In Swedish, wild strawberries are called "smultron"—a word that melts in your mouth just like the fruit they describe. Wild strawberries taste like summer and sunshine, and they offer the perfect berry-picking experience for children.
Where to Find It
Wild strawberries creep around below the knee on hills and slopes, often going unnoticed. They grow in clearings in the forest and in meadows, and you can often find them in residential areas and gardens where people have planted them as ground cover. They're less common in western Denmark.
Deciduous forests, towns, hedges, roadsides.
When to Find It
You can pick wild strawberries from June until August.
Berries: June, July, August.
How to Spot It
Wild strawberries are bashful little plants that don't grow taller than 15 or 20 cm, and generally a good bit shorter than that. However, they can cover a lot of ground. The plant has three-fingered leaves with pale undersides. It blossoms with small, white flowers in May and June, whose yellow center develops into the red fruit later in the summer.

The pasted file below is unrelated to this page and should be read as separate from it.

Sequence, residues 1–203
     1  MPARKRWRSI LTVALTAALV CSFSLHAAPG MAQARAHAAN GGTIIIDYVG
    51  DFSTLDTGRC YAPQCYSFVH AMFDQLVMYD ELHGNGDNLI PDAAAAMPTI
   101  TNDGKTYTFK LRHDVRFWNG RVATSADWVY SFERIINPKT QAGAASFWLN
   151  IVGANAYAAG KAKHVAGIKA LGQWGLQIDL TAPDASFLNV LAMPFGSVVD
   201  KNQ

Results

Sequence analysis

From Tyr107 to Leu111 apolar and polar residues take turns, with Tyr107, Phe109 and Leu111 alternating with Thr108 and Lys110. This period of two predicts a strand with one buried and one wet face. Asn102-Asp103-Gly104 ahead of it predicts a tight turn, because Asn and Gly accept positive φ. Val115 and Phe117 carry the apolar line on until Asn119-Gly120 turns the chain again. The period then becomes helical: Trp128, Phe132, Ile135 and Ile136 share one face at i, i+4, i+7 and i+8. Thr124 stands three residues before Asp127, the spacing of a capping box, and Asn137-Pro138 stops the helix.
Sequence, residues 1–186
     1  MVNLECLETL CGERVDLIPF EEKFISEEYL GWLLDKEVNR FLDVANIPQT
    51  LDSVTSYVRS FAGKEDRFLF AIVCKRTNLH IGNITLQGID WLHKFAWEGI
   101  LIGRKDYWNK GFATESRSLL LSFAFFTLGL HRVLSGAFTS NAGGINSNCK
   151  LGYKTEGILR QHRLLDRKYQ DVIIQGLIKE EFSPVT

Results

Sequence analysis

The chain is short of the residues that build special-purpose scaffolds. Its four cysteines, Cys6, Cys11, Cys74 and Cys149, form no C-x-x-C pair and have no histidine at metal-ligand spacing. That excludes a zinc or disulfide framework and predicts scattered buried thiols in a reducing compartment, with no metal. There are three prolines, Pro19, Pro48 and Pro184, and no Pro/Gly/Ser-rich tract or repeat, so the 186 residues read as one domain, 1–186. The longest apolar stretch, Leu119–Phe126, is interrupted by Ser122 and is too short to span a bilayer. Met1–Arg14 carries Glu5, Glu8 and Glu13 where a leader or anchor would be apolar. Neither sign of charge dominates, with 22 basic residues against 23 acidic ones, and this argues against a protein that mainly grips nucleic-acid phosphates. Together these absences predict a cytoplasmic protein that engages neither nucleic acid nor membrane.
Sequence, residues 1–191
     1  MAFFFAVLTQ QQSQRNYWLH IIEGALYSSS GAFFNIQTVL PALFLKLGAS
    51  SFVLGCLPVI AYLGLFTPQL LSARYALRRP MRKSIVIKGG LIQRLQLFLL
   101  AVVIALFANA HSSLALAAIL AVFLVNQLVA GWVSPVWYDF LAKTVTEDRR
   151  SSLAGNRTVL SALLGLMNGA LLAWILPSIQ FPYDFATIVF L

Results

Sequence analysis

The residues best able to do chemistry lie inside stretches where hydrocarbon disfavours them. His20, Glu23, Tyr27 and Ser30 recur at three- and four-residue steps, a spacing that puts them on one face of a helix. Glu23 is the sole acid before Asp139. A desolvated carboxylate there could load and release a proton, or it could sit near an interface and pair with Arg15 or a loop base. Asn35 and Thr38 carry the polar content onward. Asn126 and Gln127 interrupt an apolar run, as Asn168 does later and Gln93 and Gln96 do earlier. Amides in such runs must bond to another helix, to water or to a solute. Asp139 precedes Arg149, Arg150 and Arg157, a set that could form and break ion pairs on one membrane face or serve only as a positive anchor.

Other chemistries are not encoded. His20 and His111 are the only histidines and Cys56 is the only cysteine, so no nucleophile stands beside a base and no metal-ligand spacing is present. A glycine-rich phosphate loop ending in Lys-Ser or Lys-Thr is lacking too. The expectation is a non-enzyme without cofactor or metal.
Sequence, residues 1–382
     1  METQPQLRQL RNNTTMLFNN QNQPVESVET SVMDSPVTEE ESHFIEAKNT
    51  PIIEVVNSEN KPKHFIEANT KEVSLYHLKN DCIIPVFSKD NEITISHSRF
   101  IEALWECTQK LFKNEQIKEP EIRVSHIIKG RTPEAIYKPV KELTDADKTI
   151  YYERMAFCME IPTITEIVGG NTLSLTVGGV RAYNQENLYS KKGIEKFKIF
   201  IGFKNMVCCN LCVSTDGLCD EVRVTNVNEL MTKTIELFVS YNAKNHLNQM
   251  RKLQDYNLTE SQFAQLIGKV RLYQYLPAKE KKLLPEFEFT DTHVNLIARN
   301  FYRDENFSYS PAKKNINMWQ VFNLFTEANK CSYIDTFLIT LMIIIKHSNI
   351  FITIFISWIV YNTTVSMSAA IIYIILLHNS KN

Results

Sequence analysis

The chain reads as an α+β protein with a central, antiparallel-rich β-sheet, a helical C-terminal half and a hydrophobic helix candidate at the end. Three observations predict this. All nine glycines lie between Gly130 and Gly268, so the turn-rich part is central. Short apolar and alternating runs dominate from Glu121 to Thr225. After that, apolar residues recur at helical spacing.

How to Pick It
Wild strawberries often grow as ground cover in residential areas alongside hedges and at the edge of woods, where they're an easy target for dogs answering the call of nature, so be sure to wash off the berries before eating them. Wild strawberries are normally easy to pick, but if they're so ripe that they turn to mush in your fingers, try clipping them off with a centimeter of the stem. Bring along a plastic container with a tight-fitting lid when you go to foraging, and exercise patience. It can take a long time to gather wild strawberries, but they’re well worth the effort.
Risk of misidentifying the plant
Wild strawberries can be mistaken for green strawberries and barren strawberries. Both are good, edible species of strawberries, but are quite rare. In residential areas people often plant ornamental varieties that are tasteless; these berries are usually more oblong shape than proper wild strawberries, which are round.